SYDNEY (Reuters) - Australia will force U.S. tech giants Facebook Inc (FB.O) and Alphabet Inc’s (GOOGL.O) Google to pay Australian media outlets for news content in a landmark move to protect independent journalism that will be watched around the world.
Australia will become the first country to require Facebook and Google to pay for news content provided by media companies under a royalty-style system that will become law this year, Treasurer Josh Frydenberg said.
“It’s about a fair go for Australian news media businesses. It’s about ensuring that we have increased competition, increased consumer protection, and a sustainable media landscape,” Frydenberg told reporters in Melbourne.
“Nothing less than the future of the Australian media landscape is at stake.”
The move comes as the tech giants fend off calls around the world for greater regulation, and a day after Google and Facebook took a battering for alleged abuse of market power from U.S. lawmakers in a congressional hearing.
Following an inquiry into the state of the media market and the power of the U.S. platforms, the Australian government late last year told Facebook and Google to negotiate a voluntary deal with media companies to use their content.
Those talks went nowhere and Canberra now says if an agreement cannot reached through arbitration within 45 days the Australian Communications and Media Authority would set legally binding terms on behalf of the government.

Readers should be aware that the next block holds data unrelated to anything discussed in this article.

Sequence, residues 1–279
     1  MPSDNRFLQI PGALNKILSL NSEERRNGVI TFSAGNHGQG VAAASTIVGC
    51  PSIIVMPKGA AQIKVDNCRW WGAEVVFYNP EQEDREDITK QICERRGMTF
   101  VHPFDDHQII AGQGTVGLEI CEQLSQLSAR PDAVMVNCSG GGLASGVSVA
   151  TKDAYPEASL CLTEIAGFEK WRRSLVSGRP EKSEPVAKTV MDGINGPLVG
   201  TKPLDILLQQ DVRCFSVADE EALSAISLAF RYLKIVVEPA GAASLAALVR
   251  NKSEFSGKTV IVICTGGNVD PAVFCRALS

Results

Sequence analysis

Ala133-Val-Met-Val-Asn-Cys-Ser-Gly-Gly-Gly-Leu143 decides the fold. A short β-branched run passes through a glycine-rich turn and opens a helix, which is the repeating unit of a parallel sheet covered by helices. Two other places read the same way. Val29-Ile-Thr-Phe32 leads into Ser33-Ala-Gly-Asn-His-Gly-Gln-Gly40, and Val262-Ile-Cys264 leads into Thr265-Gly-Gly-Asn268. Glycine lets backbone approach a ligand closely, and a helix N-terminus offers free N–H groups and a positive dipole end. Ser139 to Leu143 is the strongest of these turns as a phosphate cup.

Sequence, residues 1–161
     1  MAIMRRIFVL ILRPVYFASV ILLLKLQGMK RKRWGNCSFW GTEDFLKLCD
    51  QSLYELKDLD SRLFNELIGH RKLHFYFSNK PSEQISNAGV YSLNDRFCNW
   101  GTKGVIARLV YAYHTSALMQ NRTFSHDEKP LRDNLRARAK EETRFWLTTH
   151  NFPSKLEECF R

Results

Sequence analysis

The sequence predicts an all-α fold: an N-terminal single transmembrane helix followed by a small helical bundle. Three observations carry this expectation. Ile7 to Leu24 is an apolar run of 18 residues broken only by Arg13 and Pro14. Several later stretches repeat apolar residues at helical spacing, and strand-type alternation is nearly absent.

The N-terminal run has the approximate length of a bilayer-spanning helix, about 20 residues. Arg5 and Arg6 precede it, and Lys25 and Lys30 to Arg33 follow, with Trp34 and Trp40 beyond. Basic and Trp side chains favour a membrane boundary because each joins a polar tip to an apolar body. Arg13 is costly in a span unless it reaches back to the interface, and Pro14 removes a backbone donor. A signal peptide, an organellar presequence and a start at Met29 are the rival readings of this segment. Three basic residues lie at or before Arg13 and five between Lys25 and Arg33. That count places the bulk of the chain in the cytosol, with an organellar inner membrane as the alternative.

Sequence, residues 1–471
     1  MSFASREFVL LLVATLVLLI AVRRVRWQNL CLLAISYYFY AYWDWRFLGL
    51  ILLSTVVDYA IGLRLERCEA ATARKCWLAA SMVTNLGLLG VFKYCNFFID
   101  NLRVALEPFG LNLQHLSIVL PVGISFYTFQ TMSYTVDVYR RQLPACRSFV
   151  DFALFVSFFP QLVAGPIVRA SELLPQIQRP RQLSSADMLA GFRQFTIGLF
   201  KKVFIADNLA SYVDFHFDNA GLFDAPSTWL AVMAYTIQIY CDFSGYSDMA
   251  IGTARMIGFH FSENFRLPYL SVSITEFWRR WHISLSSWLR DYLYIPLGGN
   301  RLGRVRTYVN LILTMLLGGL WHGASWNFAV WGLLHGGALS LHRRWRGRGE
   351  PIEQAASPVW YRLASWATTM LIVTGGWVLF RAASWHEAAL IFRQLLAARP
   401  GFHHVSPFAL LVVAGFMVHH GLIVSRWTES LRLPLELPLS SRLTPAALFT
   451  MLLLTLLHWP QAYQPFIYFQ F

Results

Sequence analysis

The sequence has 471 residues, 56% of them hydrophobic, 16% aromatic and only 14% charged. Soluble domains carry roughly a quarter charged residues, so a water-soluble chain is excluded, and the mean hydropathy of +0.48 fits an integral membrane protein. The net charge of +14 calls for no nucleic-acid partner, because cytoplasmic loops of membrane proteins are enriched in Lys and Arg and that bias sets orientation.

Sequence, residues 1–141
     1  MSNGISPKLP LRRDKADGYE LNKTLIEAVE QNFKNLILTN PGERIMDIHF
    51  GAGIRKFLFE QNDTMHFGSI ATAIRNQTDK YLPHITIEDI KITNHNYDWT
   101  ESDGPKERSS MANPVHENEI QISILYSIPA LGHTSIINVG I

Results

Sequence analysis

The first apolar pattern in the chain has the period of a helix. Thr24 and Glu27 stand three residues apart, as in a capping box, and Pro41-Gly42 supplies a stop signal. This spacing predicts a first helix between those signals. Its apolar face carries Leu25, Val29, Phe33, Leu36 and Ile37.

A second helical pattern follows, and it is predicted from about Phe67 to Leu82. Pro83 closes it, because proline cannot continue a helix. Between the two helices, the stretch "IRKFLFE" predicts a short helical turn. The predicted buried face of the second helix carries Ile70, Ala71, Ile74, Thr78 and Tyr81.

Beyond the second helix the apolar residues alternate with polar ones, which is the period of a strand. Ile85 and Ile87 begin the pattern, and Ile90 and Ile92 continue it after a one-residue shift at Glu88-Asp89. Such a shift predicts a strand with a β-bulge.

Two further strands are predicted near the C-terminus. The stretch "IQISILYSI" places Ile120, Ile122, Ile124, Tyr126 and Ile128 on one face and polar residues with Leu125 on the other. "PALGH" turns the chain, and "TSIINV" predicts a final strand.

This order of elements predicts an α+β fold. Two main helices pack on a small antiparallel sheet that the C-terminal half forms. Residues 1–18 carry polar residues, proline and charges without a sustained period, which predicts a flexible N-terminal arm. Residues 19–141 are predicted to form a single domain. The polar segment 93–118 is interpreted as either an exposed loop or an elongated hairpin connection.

Google said the regulation ignores “billions of clicks” that it sends to Australian news publishers each year.
“It sends a concerning message to businesses and investors that the Australian government will intervene instead of letting the market work,” Mel Silva, managing director of Google Australia and New Zealand, said in a statement.
“It does nothing to solve the fundamental challenges of creating a business model fit for the digital age.”
Facebook did not immediately respond to a request for comment.
Media companies including News Corp Australia, a unit of Rupert Murdoch’s News Corp (NWSA.O), lobbied hard for the government to force the U.S. companies to the negotiating table amid a long decline in advertising revenue.
“While other countries are talking about the tech giants’ unfair and damaging behaviour, the Australian government ... (is) taking world-first action,” News Corp Australia Executive Chairman Michael Miller said in a statement.
A 2019 study estimated about 3,000 journalism jobs have been lost in Australia in the past 10 years, as traditional media companies bled advertising revenue to Google and Facebook which paid nothing for news content.
For every A$100 spent on online advertising in Australia, excluding classifieds, nearly a third goes to Google and Facebook, according to Frydenberg.
Other countries have tried and failed to force the hands of the tech giants.
Publishers in Germany, France and Spain have pushed to pass national copyright laws that force Google pay licensing fees when it publishes snippets of their news articles.
In 2019, Google stopped showing news snippets from European publishers on search results for its French users, while Germany’s biggest news publisher, Axel Springer, allowed the search engine to run snippets of its articles after traffic to its sites to plunged.
Reporting by Colin Packham; Editing by Stephen Coates